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The startup curve South Africa: wiggles of realism

It is sometimes too easy to dish out titbits of startup advice from a venture capital ivory tower without going through the practical realities of executing a business plan, but pattern recognition could close some expectation gaps.

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As Paul Graham pointed out in his version of the Startup Curve, while many people think startups are smoothly up and to the right all the time, the path to success is more of a roller coaster ride. Because of a fragile startup ecosystem in South Africa, startups here have additional challenges to overcome. An adaptation of the Startup Curve reflects the typical path of a local startup’s wild ride through the wiggles of realism from idea phase to becoming a sustainable venture. So let’s go!

Initial Enthusiasm

Have a great startup idea? Don’t quit your day job just yet. There are first a couple of questions that need to be answered about responsibility, dedication and the type of startup you are launching — a lifestyle business, small business, scalable startup, buyable startup, large company or social enterprise. Initial enthusiasm is great to see, but there is a fine line between optimism and naivety or irrationality. Reduce some risks of uncertainty by focusing on your potential customer and understanding the size of the opportunity.

Reality check

Experience has shown that there is a huge expectation gap for entrepreneurs who launch their concepts with great gusto and what actually happens. Reality bites when they realise that support structures are limited, VCs are loath to have that coffee to bounce ideas off, angel investors require traction before remotely entertaining startup ballpark valuations and red tape hampers the formalisation of the business or serious engagement with potential corporate clients.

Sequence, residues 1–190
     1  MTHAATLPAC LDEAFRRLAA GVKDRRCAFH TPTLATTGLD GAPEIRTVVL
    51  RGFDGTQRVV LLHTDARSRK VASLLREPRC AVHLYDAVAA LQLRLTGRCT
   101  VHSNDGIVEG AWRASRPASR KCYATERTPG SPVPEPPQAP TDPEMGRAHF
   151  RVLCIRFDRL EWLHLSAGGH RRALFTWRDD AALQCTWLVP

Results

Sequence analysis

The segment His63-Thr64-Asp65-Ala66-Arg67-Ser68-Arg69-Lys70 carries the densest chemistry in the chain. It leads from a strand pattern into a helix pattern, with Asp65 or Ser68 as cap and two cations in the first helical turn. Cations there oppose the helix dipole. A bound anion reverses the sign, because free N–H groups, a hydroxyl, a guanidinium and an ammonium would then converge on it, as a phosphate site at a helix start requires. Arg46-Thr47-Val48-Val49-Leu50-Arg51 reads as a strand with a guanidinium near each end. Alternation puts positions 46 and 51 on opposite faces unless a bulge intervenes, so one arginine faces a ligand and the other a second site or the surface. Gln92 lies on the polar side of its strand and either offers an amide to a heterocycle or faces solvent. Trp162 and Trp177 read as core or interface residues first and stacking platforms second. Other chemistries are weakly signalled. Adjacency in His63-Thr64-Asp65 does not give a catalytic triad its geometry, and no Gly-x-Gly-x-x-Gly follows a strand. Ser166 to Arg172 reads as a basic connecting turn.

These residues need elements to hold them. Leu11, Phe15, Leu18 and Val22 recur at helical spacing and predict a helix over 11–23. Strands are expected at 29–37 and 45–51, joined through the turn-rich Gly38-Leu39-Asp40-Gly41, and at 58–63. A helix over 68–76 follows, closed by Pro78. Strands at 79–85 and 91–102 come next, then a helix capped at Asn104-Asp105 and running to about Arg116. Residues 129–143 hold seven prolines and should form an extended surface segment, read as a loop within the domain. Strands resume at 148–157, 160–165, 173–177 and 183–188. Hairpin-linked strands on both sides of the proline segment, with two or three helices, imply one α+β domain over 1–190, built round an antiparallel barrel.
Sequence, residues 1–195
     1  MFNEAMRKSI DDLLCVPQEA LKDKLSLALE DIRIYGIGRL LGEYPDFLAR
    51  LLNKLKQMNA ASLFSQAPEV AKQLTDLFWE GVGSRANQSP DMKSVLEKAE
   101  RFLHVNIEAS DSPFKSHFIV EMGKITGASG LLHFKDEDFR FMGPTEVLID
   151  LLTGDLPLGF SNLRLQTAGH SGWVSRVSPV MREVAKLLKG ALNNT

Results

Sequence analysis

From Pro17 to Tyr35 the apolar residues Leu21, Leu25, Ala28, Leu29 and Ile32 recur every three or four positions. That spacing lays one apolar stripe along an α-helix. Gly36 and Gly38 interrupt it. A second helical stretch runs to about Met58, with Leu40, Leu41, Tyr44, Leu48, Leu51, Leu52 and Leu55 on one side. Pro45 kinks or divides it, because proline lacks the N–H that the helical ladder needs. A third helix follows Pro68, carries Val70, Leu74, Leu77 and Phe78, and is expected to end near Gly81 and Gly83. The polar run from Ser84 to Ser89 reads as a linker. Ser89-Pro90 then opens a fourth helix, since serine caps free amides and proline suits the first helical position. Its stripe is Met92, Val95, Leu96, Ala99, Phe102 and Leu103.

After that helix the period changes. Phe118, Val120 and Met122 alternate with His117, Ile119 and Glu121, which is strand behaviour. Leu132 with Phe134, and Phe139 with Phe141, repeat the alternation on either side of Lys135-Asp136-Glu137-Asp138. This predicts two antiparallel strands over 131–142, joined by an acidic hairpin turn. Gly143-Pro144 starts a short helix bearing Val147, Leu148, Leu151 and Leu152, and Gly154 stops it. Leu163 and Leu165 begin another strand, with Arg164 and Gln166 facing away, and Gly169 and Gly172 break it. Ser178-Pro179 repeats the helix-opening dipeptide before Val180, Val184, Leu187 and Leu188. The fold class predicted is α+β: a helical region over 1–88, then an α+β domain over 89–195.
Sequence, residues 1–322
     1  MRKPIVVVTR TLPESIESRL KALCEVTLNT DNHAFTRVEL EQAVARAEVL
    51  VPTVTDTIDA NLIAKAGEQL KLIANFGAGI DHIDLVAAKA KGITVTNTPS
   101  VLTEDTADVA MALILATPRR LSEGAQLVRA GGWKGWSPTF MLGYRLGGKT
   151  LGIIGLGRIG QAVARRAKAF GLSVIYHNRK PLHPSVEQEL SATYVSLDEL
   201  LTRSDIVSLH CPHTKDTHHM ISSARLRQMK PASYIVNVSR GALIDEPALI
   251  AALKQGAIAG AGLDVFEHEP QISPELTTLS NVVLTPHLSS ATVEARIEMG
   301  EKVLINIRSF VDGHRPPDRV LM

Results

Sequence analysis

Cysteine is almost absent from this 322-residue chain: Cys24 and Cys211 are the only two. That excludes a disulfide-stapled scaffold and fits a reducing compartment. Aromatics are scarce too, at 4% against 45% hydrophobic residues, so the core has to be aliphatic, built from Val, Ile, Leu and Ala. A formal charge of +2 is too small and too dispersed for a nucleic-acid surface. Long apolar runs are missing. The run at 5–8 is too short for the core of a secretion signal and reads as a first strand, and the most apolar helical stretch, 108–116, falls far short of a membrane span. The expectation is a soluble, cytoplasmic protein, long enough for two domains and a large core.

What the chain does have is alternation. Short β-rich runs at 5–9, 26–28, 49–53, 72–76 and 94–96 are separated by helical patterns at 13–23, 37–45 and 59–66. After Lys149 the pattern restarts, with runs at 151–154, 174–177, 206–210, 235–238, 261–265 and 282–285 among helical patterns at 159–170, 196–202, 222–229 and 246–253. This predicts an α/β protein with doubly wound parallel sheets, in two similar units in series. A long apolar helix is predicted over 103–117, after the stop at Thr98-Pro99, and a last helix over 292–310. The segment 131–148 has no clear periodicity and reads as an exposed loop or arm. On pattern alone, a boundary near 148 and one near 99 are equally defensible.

Lack of traction

Traction means having a measurable set of customers and/or other proof points that indicate long-term positive momentum towards achieving the ultimate business vision. It pretty much always happens too slowly and not in line with initial expectations. Different traction verticals can be pursued, but ultimately a lack of traction leads to…

Opportunity cost

By now rational thoughts are starting to interfere with your dreams of industry disruption. Why did you quit your day job so soon? Despite your best efforts, while many people are interested or intrigued by the pitch, you can’t seem to close an investment round and the opportunity cost of time outweighs the probability of converting a sales call.

Crash of ineptitude

Eventually sustained pressure fuelled by a monthly cash burn rate and an ever-shortening runway could lead to the crash of ineptitude — defined as unskilfulness resulting from a lack of training. If there were more entrepreneurship training, small business information and support structures available, South Africa could narrow the expectation gap between Initial Enthusiasm and Reality Check and shorten the Table Mountain resembling trough of sorrow by getting traction earlier.


Clearly not all startups crash. Some take risks to stay on course and execute their vision despite the odds. Because of the fine balance of boxing above your startup weight to gain clients and fulfil orders on scarce resources in the early execution phase, you are always one move away from failure. But luck has to do its magic here and provide the break that pulls your startup into a positive trajectory. Create your own!

Skills. Networks. Funding

Once here you have earned respect because of sacrifices made and early glimmers of traction success. Angel investors take notice and VCs sense that your pitch is not a plea of desperation. You realise that you don’t have to have all the skills, but you need to know where to find them — and you do since your networks start widening. If you now add funding to the right window of opportunity it is fuel to the fire.

Growth scale

Now that the startup has to a large extent addressed the question of user risk (will people want to use the product/service?) and revenue risk (will people actually pay for it?), you have to focus on scale risk (will people use or pay for this in large numbers?). But with the additional resources behind the business, growth can be engineered.

Path to sustainability

A startup is a company in search of a repeatable and scalable business model. So once it has reached this point of repeatability and scalability it shows characteristics of a traditional sustainable business. It becomes an SME that creates jobs and contributes to the economy but now has to start worrying about another curve – the Industry Life Cycle.

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